My name is Meghan Keane and I’m a producer for NPR’s Invisibilia. I’m working on a story about Somalia and music, and am currently looking for some archival sound.
Around 2010, many radio stations in Somalia broadcasted animal noises and gun shot noises to protest Al-Shabab. I am hoping to find audio of that to use in my story. Please let me know if you have any leads!
Fascinating stuff. I do recall a news story about Somali radio broadcasts including animal and gun shot noises back in the day, but I never actually heard a broadcast on shortwave or mediumwave.
Post readers: Can you help Meghan track down such a recording? If you can, please comment and/or contact me!
Hi there, great to hear this new station broadcasting from Somalia, during an early evening DX’pedition at my usual spot – a local Oxfordshire wood! Even better to hear it with just the telescopic antenna!
The ICF-2001D is renown for being extremely well ‘tuned’ to it’s own telescopic and this has been demonstrated many times over the past year or so that I’ve been using it. This signal from Somalia was recorded on 08/08/16 at 19:15 hrs UTC using just the ‘whip’. Please click on the image below to access the reception video.
I have another video of the same signal which I will upload soon, demonstrating reception with a 50 metre longwre and the ICF2001D. Until then, I wish you all excellent DX!
Clint Gouveia is the author of this post and a regular contributor to the SWLing Post. Clint actively publishes videos of his shortwave radio excursions on his YouTube channel: Oxford Shortwave Log. Clint is based in Oxfordshire, England.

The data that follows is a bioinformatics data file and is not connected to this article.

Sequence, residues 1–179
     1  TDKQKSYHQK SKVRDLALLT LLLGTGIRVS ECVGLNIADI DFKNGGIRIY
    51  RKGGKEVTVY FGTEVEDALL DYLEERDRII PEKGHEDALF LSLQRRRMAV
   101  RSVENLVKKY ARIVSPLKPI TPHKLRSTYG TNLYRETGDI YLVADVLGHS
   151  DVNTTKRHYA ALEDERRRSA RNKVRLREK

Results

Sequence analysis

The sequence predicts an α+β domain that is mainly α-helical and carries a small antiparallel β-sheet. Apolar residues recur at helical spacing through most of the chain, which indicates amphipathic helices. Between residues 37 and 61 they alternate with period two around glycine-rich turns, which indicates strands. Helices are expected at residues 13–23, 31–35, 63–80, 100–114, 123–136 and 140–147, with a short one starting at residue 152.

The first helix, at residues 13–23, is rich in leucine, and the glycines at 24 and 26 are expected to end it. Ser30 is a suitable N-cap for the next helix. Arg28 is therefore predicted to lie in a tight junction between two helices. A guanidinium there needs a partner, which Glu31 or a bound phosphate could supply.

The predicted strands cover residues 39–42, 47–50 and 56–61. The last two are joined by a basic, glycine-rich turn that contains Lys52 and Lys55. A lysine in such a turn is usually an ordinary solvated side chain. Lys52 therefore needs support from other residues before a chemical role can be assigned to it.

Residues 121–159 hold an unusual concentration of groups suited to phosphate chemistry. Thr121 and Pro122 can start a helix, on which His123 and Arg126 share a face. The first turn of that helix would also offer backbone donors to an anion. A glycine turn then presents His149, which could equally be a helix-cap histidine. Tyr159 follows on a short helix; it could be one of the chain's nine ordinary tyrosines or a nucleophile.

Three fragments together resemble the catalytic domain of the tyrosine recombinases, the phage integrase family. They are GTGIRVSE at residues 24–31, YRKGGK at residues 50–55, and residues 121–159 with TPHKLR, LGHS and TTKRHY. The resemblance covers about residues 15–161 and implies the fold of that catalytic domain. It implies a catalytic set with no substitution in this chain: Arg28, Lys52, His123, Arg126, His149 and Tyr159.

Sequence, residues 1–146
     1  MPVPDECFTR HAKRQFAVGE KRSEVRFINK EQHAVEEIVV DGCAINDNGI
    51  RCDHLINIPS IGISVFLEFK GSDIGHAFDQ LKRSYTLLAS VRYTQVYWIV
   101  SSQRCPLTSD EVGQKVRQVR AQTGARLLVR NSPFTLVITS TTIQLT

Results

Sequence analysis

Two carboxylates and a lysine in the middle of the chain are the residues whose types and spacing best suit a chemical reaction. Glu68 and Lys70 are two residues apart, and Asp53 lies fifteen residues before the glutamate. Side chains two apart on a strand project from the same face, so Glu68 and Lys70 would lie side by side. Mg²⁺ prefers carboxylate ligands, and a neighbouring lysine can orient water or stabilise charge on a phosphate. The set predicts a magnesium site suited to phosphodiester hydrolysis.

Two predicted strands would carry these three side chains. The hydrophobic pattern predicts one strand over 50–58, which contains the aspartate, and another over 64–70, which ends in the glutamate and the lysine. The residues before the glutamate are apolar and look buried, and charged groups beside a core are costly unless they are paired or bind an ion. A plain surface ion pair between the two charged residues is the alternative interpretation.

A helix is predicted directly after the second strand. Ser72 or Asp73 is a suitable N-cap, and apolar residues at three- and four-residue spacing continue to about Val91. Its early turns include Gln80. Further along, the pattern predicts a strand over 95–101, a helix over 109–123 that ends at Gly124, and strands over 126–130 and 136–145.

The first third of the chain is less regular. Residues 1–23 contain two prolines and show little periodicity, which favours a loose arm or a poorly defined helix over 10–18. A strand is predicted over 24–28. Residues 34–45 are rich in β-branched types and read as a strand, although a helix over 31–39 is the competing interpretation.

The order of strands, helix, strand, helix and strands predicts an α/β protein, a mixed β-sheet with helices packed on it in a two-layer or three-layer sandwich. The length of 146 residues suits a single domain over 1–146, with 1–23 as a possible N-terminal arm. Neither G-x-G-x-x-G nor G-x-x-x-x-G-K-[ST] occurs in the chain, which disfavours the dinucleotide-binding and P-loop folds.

I found this BBC profile on Somalia quite indicative of many countries in Africa. In light of cuts that the BBC World Service has been facing, this short article, about Somalia’s fragmented media landscape, admits that shortwave plays a vital roll in domestic news.
The TV and press sectors are weak and radio is the dominant medium. There are around 20 radio stations, but no national, domestic broadcaster. Many listeners tune to Somali-language media based abroad, in particular the BBC Somali service. The latter is available on shortwave, and via FM relays in Mogadishu (91.1), the Somaliland capital Hargeisa (89.0), and elsewhere.
They go on to say:
The Somali diaspora – in the West, the Gulf states and elsewhere – sustains a rich internet presence. But domestic web access is hampered by practicalities such as limited access to mains electricity. There were 102,000 internet users by September 2009 (Internetworldstats). In secessionist Somaliland and Puntland the authorities maintain a tight hold on broadcasting.
Shortwave listeners in Somalia, one should note, also listen to the likes of the Voice of America, Radio Netherlands Worldwide, Radio France International and many others. Most of whom are facing cuts right now as national budgets are being tightened in the economic recession. To those living in Somalia, where the media is fragmented and untrustworthy, shortwave radio represents a lifeline of information.
As we mentioned in this previous post, please consider speaking up on behalf of those without a voice. Let international broadcasters and their governing bodies know how crucial shortwave services are into impoverished regions of the world.
Spread the radio love
Please support this website by adding us to your whitelist in your ad blocker. Ads are what helps us bring you premium content! Thank you!